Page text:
Chris Grayling: To ask the Secretary of State for Health what changes to catering in acute hospitals resulted from the leading chef initiative; how many recipes developed by leading chefs for the NHS are used in the NHS; and how many hospitals use menus resulting from the leading chefs initiative. 
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Mr. Lammy: The leading chef dishes promote the use of fresher ingredients and reflect changes in tastes and lifestyles. Exact costs of leading chef dishes vary across the national health service, depending on locality and the methods of production.
Tim Loughton: To ask the Secretary of State for Health if he will ask for an urgent meeting with the Home Office regarding child protection to discuss implications of the Newham Area Child Protection Committee Report on the Ainlee Walker case. 
Jacqui Smith: The Government recognise that there is still more to be done to ensure that high standards of child protection are applied in every case. That is why it commissioned XSafeguarding Children", the Joint Chief Inspectors' report on arrangements to safeguard children. It is also why my right hon. Friend the Secretary of State for Health and the Home Secretary set up the statutory Inquiry, chaired by Lord Laming, into the circumstances leading up to, and surrounding, the death of Victoria Climbié. The issues raised by Victoria's case are wide-ranging, in terms of both policy and practice. The recommendations of the Joint Chief Inspectors' report and those of the Victoria Climbié Inquiry will provide us with an authoritative basis for any reforms to child protection that may need to be made, and, if radical reform is necessary, we will implement it. In considering these reports, the Government will also consider all relevant recommendations in the Ainlee Walker/Labonte Serious Case Review report and those arising from any other serious case review reports that may be published in the near future.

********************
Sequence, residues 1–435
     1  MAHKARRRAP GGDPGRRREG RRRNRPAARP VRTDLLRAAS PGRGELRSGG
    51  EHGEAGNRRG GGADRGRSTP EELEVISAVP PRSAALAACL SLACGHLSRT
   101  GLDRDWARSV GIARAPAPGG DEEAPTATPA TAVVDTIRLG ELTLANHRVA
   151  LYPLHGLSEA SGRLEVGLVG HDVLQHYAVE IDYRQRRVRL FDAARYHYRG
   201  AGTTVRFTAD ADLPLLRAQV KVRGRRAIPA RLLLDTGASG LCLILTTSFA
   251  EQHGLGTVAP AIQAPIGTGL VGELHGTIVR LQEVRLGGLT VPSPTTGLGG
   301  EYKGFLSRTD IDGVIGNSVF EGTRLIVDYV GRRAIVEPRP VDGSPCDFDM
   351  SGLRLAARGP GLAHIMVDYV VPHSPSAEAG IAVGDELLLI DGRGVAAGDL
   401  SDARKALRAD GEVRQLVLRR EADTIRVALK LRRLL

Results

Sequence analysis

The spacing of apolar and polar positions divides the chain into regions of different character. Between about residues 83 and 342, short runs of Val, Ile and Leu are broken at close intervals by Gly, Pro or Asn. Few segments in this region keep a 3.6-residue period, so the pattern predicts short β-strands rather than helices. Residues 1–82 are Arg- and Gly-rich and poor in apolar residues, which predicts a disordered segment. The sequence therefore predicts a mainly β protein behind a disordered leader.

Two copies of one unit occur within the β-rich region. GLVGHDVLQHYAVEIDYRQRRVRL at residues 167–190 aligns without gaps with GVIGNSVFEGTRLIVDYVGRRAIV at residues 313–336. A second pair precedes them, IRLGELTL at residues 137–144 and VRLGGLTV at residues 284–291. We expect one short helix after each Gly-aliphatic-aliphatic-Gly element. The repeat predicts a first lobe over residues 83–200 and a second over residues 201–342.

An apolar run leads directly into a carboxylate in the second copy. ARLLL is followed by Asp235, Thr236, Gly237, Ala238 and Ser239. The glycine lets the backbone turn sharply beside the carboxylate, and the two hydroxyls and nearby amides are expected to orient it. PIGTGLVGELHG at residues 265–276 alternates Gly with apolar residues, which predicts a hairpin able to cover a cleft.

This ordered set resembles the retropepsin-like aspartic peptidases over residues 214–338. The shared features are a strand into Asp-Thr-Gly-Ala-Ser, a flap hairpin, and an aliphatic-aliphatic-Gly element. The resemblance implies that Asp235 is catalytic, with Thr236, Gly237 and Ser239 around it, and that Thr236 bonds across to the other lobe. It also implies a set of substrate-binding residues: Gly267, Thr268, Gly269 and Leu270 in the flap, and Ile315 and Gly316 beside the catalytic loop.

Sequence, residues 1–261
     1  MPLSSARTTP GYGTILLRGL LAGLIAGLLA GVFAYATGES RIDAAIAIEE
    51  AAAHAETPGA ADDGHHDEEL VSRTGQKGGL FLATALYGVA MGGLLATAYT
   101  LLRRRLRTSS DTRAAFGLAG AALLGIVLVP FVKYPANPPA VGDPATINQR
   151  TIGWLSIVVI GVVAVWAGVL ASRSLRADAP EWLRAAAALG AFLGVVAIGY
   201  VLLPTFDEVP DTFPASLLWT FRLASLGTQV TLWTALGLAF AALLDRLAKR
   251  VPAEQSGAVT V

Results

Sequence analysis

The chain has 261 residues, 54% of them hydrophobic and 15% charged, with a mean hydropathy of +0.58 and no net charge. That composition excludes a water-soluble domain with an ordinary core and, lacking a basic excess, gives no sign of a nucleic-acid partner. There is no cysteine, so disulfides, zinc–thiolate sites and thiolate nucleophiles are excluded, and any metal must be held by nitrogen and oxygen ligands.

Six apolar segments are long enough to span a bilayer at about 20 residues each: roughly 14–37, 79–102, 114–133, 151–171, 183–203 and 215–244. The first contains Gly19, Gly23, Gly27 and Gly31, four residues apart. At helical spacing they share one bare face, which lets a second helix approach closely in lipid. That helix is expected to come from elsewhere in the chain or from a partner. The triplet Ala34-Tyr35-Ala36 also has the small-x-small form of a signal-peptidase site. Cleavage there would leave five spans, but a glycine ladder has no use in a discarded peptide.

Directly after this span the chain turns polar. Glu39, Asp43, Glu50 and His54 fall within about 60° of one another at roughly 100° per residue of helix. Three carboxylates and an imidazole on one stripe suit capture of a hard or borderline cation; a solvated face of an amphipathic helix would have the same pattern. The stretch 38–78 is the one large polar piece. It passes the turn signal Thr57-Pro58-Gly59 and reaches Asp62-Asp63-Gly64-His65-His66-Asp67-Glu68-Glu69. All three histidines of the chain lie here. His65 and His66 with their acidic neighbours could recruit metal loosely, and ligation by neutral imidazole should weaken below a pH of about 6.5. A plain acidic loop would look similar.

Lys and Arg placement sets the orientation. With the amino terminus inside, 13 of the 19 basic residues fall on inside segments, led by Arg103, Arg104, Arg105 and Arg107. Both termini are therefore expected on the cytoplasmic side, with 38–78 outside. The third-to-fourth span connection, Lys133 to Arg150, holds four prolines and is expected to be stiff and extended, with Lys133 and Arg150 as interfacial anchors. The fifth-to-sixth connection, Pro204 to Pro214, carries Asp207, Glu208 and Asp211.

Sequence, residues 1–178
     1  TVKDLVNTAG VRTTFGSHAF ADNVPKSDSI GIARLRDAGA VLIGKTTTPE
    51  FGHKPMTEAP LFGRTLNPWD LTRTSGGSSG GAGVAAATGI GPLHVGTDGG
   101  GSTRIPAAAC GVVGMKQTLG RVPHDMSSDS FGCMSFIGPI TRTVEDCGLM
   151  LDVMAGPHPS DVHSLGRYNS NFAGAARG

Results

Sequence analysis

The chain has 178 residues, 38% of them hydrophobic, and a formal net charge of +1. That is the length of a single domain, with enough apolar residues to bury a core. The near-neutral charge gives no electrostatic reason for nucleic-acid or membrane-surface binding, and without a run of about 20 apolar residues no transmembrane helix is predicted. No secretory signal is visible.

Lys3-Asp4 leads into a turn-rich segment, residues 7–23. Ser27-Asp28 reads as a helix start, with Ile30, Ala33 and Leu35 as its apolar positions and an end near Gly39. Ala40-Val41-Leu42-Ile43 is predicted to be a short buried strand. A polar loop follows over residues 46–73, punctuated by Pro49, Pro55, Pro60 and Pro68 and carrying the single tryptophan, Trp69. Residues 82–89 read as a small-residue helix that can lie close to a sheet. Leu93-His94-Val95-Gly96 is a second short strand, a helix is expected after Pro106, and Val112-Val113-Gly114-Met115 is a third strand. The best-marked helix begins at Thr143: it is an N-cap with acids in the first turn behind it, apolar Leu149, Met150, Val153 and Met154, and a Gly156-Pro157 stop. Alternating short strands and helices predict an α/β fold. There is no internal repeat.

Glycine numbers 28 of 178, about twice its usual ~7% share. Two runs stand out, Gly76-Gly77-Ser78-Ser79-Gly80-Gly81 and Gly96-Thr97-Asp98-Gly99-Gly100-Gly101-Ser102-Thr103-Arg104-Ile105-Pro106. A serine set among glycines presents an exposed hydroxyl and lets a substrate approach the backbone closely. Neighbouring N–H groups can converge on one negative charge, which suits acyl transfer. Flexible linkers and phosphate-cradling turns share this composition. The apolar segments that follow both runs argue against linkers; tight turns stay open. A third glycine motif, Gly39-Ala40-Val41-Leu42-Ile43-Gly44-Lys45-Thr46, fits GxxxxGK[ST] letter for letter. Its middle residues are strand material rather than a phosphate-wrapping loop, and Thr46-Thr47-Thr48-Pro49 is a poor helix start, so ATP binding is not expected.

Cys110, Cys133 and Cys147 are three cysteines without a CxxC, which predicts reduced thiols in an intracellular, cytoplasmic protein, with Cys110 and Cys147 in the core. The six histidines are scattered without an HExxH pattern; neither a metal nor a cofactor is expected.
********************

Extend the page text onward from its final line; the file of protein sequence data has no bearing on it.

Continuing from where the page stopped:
Andy Burnham: To ask the Secretary of State for Health what plans he has to extend entitlement to NHS vouchers to children who are prescribed coloured spectacle lenses without a power for the purpose of enabling them to read. 
Mr. Lammy: There is currently limited evidence to suggest that the provision of tinted lenses would provide enduring benefits to a significant number of children with reading difficulties, though some children may benefit. We will, however, continue to consider the issue as evidence becomes available and any decision will be taken in collaboration with the Department for Education and Skills.
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|Number of children missing at any time during the year||Percentage of all children looked after at any time during the year|
(28) With effect from 1 April 2000, the definition of missing was changed from being absent for more than seven days to being absent for 24 hours or more.
Table excludes all children looked after under an agreed series of short-term placements.
Mr. Battle: To ask the Secretary of State for Health how many children in local authority voluntary agency care were adopted in (a) 2000, (b) 2001 and (c) 2002; and what percentage these represent of the total in care. 
Information on the number of children adopted from voluntary agency care is not collected centrally. However, the actual figure is likely to be very small, as voluntary adoption agencies only place children voluntarily relinquished by their birth family to their care for the purposes of adoption.
|Children adopted from local authority care in England|
(29) Of all looked after children
Mr. Battle: To ask the Secretary of State for Health how many children in (a) local authority and (b) voluntary agency care were awaiting foster homes on 31 March in (i) 1979, (ii) 1987, (iii) 1997 and (iv) 2002.